Steven Ragatz
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Old 12-18-02, 01:47 PM   #7
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From today's Boston Globe, Thanks to Stephen Baird for finding it...

Tony Montanaro, 75; sought to turn mime into art form
By Tom Long, Globe Staff, 12/18/2002

Tony Montanaro, 75, a mime who helped elevate his medium from entertainment to art, died of stomach cancer Friday in his home in Casco, Maine.

Mr. Montanaro was not a trapped-in-a-telephone booth mime - he had a more artistic vision of the discipline that he sometimes called ''visual music'' or ''eloquent gesture.''

''When most people think of mime, they think of pantomime, like Marcel Marceau, a pantomimist projecting a convention, say: walking against the wind,'' said Paul J. Curtis, founder and director of The American Mime Theater, a group committed to the development of American mime as a separate art form.

''Tony fused acting methods and the science of movement in a way that very few did,'' said Curtis. ''He was among the few people in the 20th century who were actually trying to formulate an indigenous art form.''

So what does that mean to the average theatergoer?

''There was no easy way to put into words what he did,'' said Mr. Montanaro's third wife, ballet dancer and fellow mime Karen Hurll Montanaro, with whom he cowrote the 1996 book ''Mime Spoken Here.'' ''Believe me, if we did [manage to explain his technique], he would have been performing in front of millions, not thousands.

''He had an economy of movement that was magical. He got completely lost in what he was doing. The first time I saw him perform I had a giggle in the deepest part of my body,'' said Mrs. Montanaro, who met her husband in 1987, when she was playing the Sugar Plum Fairy and he was Drosselmeyer in a Portland, Maine, production of ''The Nutcracker.''

''Honesty and believability are the most important elements comprising the art of mime,'' Mr. Montanaro wrote in ''Mime Spoken Here.''

He expanded on the subject in a story published last year in the Portland Phoenix. ''You have to be eloquent physically,'' he said. ''Your legs, everything, has to be eloquent. You can add words or not, I don't give a crap. That's what it's all about.''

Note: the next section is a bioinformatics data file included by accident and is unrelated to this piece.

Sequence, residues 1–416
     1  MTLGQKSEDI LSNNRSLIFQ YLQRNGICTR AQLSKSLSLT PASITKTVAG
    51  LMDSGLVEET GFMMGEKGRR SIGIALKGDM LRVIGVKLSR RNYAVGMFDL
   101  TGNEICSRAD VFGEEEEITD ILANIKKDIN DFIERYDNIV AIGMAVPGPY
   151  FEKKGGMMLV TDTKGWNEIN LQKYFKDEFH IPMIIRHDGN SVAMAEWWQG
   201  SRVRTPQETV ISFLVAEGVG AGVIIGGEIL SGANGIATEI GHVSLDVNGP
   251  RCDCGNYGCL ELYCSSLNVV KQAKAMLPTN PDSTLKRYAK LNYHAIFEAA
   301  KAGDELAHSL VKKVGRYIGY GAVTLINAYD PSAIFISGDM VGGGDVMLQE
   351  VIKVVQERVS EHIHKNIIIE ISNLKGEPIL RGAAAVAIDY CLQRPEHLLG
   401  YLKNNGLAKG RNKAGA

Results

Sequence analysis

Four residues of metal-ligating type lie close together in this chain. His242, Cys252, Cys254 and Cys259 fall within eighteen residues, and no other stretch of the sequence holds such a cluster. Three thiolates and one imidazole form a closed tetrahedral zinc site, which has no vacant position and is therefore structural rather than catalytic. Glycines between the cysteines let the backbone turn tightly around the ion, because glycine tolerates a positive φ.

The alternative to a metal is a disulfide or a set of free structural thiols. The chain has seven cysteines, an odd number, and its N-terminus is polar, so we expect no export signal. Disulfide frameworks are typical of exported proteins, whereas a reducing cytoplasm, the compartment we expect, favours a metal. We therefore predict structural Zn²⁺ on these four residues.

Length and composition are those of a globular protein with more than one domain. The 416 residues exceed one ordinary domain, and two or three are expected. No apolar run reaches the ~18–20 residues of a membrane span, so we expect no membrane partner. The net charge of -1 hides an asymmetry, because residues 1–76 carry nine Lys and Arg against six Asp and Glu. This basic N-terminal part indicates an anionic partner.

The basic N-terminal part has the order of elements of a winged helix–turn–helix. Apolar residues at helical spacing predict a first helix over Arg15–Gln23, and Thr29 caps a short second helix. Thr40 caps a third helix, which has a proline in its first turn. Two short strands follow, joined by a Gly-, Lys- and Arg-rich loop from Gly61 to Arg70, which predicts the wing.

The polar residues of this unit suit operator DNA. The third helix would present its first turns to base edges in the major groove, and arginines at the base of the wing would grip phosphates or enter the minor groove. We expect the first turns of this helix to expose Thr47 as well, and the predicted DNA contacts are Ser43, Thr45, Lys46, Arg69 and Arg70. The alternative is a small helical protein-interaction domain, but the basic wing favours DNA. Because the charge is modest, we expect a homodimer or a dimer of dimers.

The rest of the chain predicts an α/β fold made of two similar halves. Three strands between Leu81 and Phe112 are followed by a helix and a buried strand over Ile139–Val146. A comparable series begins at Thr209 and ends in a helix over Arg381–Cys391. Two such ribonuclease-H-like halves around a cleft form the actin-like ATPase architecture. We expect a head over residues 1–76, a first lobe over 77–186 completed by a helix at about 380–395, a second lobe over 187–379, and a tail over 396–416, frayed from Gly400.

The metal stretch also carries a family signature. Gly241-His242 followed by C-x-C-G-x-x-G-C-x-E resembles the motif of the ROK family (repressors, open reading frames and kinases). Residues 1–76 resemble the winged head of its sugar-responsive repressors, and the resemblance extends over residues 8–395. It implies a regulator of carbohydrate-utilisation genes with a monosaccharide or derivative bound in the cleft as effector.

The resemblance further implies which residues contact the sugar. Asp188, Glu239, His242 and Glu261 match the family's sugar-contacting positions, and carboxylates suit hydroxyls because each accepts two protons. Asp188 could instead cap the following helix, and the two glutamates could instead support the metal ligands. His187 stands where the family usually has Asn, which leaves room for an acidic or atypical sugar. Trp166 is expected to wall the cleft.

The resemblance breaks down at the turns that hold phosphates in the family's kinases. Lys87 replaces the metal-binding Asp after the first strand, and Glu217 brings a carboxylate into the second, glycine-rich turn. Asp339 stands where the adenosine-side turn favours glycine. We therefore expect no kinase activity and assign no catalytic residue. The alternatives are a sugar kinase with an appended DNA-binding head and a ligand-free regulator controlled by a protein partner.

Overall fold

Mr. Montanaro was born in Paulsboro, N.J. He earned a degree in theater from Columbia University and began performing in summer stock theater.

''The only way I could get ahold of girls was through the theater,'' he said last year. ''I couldn't do the football thing - I'm no athlete. I was 4-foot-11 as a freshman. My aping around and gesturing got people's attention. I was a mover - I was a funny kid. I got away with it, so I kept doing it.''

Mr. Montanaro became interested in mime after he attended a performance by Marceau in 1956. He studied in France with Marceau and Marceau's teacher, Etienne Decroux.

In the 1960s, he was host of a Philadelphia-based nationally broadcast public TV program, ''Pretendo.'' According to a brochure released by the station, the show's purpose was to ''teach simple techniques that demonstrate that imaginations can be moved from the plane of `I wish' to `I can' and `I do.'''

In 1971, Mr. Montanaro moved to Paris, Maine, where he taught mime in a converted pig barn. Over the years, he taught hundreds, including Sesame Street puppeteers, members of the new vaudeville theatrical movement, and jazz harpist Deborah Henson-Conant in the big red structure he called Celebration Barn.

He continued to teach and perform sporadically after he was diagnosed with stomach cancer in May 2001.

''I can't do some of the things I used to,'' he told the Phoenix. ''I can't do flight. I can't do chickens because I can't get my chest out. I can't do a monkey because I can't do the floor slides.''

Besides his third wife, he leaves his former wife, Pam; and their six children, Christopher, Kavi, Adam, Gabriel, Lisa, and Lara; another former wife, Lahiila-lai; and their two sons, Jovin and Raman; a brother, Joseph; and nine grandchildren.

A memorial service is being planned.

This story ran on page A39 of the Boston Globe on 12/18/2002.
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Old 01-09-03, 10:09 AM   #8
Adam Gertsacov
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Thanks for posting that Jim....

I took a workshop with Tony in 1995 and it was a great experience. For me, what impressed me most about Tony was his complete mastery and ability to take any subject and create an interesting mime/play about it. In performance, he used to take requests. A subject that would seem ordinary and uninspired, Tony would say Yes to, and make it a brilliant and exciting piece of work. Eating a peach, going up to the attic, applying for a job...Subjects that I would turn up my nose at, and say "Where's the drama, where's the interest, where's the excitement?" Tony could take any of those subjects (and many others) and turn them into works of art.

His endless invention and willingness to perform any subject were just two of his many gifts. But they are the ones that I took home with me, and the ones that have and will continue to serve as inspirations.
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Old 01-29-03, 10:11 AM   #9
Drew Richardson
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Here is information regarding the memorial service for Tony:

Date: January 31
Time: 4:30 PM
Location: State Street Church 159 State Street, Portland, ME (207-774-6396).

A reception will follow at the Portland Club.

For more info go to